How to debug instruction selection

Hi there,

I try to JIT compile some bitcode and seeing the following error:

LLVM ERROR: Cannot select: 0x28ec830: ch,glue = X86ISD::CALL 0x28ec7c0, 0x28ef900, Register:i32 %EDI, Register:i8 %AL, RegisterMask:Untyped, 0x28ec7c0:1
  0x28ef900: i32 = X86ISD::Wrapper TargetGlobalAddress:i32<void (i8*, ...)* @_ZN5FooBr7xprintfEPKcz> 0
    0x28ec520: i32 = TargetGlobalAddress<void (i8*, ...)* @_ZN5FooBr7xprintfEPKcz> 0
  0x28ec670: i32 = Register %EDI
  0x28ec750: i8 = Register %AL
  0x28ec360: Untyped = RegisterMask
  0x28ec7c0: ch,glue = CopyToReg 0x28ec6e0, Register:i8 %AL, Constant:i8<0>, 0x28ec6e0:1
    0x28ec750: i8 = Register %AL
    0x28ec600: i8 = Constant<0>
    0x28ec6e0: ch,glue = CopyToReg 0x28ec590, Register:i32 %EDI, 0x28ef820
      0x28ec670: i32 = Register %EDI
      0x28ef820: i32 = X86ISD::Wrapper TargetGlobalAddress:i32<[47 x i8]* @.str> 0
        0x28ec910: i32 = TargetGlobalAddress<[47 x i8]* @.str> 0
In function: _ZN5FooBr10initSystemEv

I have some assumptions about this particular error.
What is not clear to me is: how am I supposed to read this error message? I.e. what to look at to make some sense out of it?

P.S. I have zero knowledge about instruction selection, so any suggestions on where I can get this knowledge are more than welcome.

The most important information is the opcode that you have to select:
means convert the independent machine instruction to your machine
specific instruction, this error states that opcode X86ISD::Wrapper
must be selected which you failed to do.

Instruction selection happend in file or using C code
in select() function.

X86ISD::Wrapper is a pseudo instruction that wraps a bunch of other

TargetGlobalAddress is the operand to X86ISD::Wrapper and is a i32.

The line
   0x28ec830: ch,glue = X86ISD::CALL 0x28ec7c0, 0x28ef900, Register:i32 %EDI, Register:i8 %AL, RegisterMask:Untyped, 0x28ec7c0:1
shows a DAG node in the typical debugging output. The first part (0x28ec830) is the address of that node. Each node can produce multiple values, and the "ch,glue" is the list of types of the produced value: in this case it's a chain and a glue. Then there is the opcode (X86ISD::CALL), and then the list of arguments. Most arguments are printed as addresses of the nodes, but some are printed inline, like "Register:i32 %EDI". In a typical case, like "0x28ec7c0" the address by itself indicates the 0-th value produced by that node. If some other value is used, the index of that value will be given as :N, as in "0x28ec7c0:1". The node 0x28ec7c0 also produces a chain and a glue: the address by itself refers to the 0-th value, i.e. the chain, and the :1 refers to the glue.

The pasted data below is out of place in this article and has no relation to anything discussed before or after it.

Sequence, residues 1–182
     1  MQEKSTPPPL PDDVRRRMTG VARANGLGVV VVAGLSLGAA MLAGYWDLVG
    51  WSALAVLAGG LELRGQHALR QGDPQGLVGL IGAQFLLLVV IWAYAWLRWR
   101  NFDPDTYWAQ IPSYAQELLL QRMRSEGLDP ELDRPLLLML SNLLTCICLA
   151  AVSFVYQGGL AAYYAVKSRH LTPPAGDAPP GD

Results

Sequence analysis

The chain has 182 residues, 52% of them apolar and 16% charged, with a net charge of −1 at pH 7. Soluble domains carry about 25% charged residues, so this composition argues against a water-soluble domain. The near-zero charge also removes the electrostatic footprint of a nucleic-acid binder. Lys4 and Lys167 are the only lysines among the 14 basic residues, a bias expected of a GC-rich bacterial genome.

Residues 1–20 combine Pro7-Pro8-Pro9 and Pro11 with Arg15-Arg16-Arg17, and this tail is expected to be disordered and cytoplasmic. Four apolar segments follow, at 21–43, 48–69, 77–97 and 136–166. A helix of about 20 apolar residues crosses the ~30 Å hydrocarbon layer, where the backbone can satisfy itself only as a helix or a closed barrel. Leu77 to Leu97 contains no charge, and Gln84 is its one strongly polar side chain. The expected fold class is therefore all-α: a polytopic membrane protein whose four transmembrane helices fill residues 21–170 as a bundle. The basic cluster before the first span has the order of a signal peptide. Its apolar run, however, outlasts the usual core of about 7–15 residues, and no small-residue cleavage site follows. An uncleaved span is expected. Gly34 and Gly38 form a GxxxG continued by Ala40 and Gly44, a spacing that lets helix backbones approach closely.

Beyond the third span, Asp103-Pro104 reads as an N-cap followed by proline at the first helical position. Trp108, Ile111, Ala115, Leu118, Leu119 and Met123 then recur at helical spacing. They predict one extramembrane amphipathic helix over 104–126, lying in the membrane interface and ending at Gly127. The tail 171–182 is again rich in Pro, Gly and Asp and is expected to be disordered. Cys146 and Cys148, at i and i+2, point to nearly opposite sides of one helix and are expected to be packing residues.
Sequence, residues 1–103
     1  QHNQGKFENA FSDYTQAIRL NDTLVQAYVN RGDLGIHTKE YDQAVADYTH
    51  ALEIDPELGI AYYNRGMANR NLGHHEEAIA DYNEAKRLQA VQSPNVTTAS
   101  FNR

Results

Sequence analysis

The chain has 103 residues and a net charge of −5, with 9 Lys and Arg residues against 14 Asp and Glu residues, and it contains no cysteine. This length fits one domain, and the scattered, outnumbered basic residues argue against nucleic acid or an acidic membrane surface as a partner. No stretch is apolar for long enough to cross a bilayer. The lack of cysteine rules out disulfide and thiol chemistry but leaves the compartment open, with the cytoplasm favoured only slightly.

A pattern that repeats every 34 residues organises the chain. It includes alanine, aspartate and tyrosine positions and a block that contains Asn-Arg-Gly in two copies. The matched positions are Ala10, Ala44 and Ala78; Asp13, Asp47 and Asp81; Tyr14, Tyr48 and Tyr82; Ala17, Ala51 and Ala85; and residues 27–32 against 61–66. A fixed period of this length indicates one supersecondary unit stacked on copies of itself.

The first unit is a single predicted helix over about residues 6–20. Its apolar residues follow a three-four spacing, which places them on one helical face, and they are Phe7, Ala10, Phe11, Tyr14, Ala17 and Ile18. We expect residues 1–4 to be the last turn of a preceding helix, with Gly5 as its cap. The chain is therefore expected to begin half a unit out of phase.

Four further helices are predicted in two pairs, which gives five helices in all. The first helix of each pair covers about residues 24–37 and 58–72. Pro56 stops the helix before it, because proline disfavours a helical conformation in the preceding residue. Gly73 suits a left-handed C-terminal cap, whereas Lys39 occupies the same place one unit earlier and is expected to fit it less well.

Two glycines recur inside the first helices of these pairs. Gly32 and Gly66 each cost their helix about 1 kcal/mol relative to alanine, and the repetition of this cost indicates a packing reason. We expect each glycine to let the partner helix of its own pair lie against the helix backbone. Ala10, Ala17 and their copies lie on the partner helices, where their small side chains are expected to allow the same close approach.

The other lines show the nodes used as arguments, and their arguments, etc.

If you want to debug the actual instruction selection, add [-mllvm] -debug-only=isel to the command line. I'm not sure how to enable it with JIT (maybe hardcode the debug flag to "true" by hand). It will print the initial DAG as well as the DAG after various steps of legalization/combining. Most importantly (from your perspective), it will print the steps of instruction selection. The instruction selection is done "backwards", i.e. from the last instruction in the basic block upwards. More precisely, it happens from the root node, through the intermediate nodes up to the leaves.

The debug output will have lines like "match failed at 12345, continuing at 23456". The numbers correspond to the steps in the DAG matcher, which is auto-generated from the .td files by TableGen. In the build directory, TableGen has created a file <Target> It implements the function "SelectCode", that has a long array (MatcherTable) of matcher commands like OPC_CheckType. The comments at the beginning of each line contain the number of the step implemented by that line.

When you see "match failed at NNNNN", the step "NNNNN" is usually some kind of a check, like OPC_CheckOpcode, or OPC_CheckPredicate. The .inc file will have the expected opcode, or the name of the predicate being checked, so you can see what check exactly was performed at that step.


I forgot to add: in this case, the first argument to the call is "CopyToReg", and then the function to call. I don't know if that's the correct order, but make sure that all arguments are where they should be.


Thank you folks for the hints.
Turned out that in my case I was trying to JIT x32 code on x64 machine.
I filed a bug since I believe we could do a better job there.